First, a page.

Tag Archives: fiction

American Girl, Unplugged

Last week, I happened upon a new blog: Unplugged Sunday, a blog about a family that…well, unplugs on Sundays.  They swap iPods and wifi for books, hikes, and cooking together.

 

 

 

 

Doesn’t that sound phenomenal?  The Professor and I were talking about how recently our computer/TV/screen-in-general time had seen a dramatic uptick, so we decided to dive into our own unplugged Sunday.

Were we successful?  Sort of.

It wasn’t idyllic, there was no hiking, no gourmet dinner.  Pookie whined all day with teething/growing/I-hate-being-weaned pains.  We didn’t even make it the whole day: we turned on the computer sometime after 6PM to listen to some sports talk radio (a station we can’t get on the actual radio) and to print a journal article for the Professor.  That led to fantasy baseball team-checking, Tetris playing, and so on.

But.  We played together on the floor.  We had a nice library outing.  We talked more about the Sunday sermon than we otherwise would have.  During Pookie’s nap, the Professor and I played Kings in the Corner and Go Fish while laughing our heads off.  We read in bed and turned out the lights early.

Not perfect, but good enough to try again.

How does that relate to American Girl?  I’m glad you asked.

After reading Cinderella Ate My Daughter and the author’s account of the American Girl store, my love for the American Girl books was rekindled.  I remember reading Meet Felicity, Meet Addy, Meet Molly, and the like in my grandmother’s basement when I was a little girl.  The books portray history (think the American Revolution, the Civil War, WWII, the Depression, etc.) through the eyes of relatable, strong, moral, dynamic young girls–the kind of girls you want your own daughter(s) to be.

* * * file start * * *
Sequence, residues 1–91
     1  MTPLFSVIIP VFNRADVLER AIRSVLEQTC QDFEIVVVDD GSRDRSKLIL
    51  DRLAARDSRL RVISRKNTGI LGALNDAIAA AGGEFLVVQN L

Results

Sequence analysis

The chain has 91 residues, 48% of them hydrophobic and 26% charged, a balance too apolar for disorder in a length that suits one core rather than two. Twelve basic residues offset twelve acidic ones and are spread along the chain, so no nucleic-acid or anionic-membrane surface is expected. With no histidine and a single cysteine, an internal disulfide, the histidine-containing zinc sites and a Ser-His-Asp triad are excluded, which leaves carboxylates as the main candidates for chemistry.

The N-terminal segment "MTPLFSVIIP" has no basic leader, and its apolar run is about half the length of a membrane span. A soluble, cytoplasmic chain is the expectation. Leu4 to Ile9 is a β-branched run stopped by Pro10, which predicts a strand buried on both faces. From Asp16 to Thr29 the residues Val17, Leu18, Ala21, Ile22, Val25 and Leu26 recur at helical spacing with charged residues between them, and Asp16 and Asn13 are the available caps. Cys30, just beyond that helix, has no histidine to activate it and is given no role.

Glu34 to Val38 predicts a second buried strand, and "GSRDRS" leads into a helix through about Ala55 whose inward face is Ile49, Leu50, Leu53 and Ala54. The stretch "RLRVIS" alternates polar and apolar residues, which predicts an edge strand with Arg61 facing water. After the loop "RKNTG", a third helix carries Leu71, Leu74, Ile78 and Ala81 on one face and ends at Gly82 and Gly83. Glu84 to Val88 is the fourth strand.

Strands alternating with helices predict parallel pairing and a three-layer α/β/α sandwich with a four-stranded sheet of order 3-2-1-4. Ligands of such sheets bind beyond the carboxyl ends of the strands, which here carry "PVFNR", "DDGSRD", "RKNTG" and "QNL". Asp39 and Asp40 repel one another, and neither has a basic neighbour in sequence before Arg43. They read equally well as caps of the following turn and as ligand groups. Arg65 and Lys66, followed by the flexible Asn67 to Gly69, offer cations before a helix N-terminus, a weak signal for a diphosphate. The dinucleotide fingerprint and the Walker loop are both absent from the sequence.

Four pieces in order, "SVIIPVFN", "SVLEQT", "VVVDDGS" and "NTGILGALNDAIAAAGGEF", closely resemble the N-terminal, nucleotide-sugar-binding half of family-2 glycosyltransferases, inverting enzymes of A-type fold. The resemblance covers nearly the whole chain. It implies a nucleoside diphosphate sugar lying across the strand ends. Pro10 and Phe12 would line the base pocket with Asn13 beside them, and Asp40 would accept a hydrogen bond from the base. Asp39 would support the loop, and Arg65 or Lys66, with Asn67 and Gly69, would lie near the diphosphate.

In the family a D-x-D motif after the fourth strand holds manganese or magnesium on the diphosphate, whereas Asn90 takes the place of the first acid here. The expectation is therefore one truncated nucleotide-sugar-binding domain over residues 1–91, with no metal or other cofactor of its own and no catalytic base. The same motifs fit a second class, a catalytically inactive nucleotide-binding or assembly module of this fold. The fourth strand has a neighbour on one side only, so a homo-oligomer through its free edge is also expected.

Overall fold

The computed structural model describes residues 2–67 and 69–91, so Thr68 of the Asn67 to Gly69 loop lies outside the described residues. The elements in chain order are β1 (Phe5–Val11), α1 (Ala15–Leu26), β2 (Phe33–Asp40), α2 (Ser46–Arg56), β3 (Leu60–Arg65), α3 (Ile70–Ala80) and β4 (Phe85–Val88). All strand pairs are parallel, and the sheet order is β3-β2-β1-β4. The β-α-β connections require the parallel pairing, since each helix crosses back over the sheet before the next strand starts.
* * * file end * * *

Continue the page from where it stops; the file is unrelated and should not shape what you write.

So for my own reading and nostalgic pleasure, I browsed the American Girl section at the library, brought how a few of the classic Felicity books, a Felicity mystery (more of a novel length book), and a “Girls of Many Lands” book–a novel-length story that follows a girl named Cecile as she serves at the court of Versailles in 1711.  I haven’t finished any of them (see the teething/growing/I-hate-being-weaned note above) but plan to finish and write about them Thursday.

What’s your take on American Girl?

Abomination & Barbie Dolls

Sherri Early of Semicolon wrote recently on her blog about the need for light and darkness in novels, particularly as this pertains to Christian literature: how dark is “too dark”?  Can Christian books make mention of occult things, sinful things, dark things while still edifying?

While I love Amish/plain living romances, sometimes I feel like something more…meaty, if you will, but I haven’t had much luck finding Christian fiction that isn’t clunky, one-dimensional, or underdeveloped (my budget has me strapped to the library, so that may be part of my problem).

So I approached Abomination by Colleen Coble with some trepidation; I haven’t read a thriller in quite some time and never one labeled as Christian.  I worried I might have found a clunker.

I was wrong.

Abomination opens with a woman who has been attacked and stabbed but cannot remember how it happened, where she is, who she is, or why the little girl in the back seat calls her mama.  From other characters’ POVs, we learn that the amnesia-ridden woman is being hunted by a serial killer, plus her worried ex-husband (who happens to be the police officer investigating the serial killer).

Twists and turns abound, and I gasped when I learned who the killer was…not who I was expecting, which is always a nice surprise.

{There were a few unfortunate bits, mostly editing: the main character’s true identity is given away too soon because of a typo, sentences that don’t work, wonky speech patterns, repetitive word choice…but that might be the OCD editor in me.}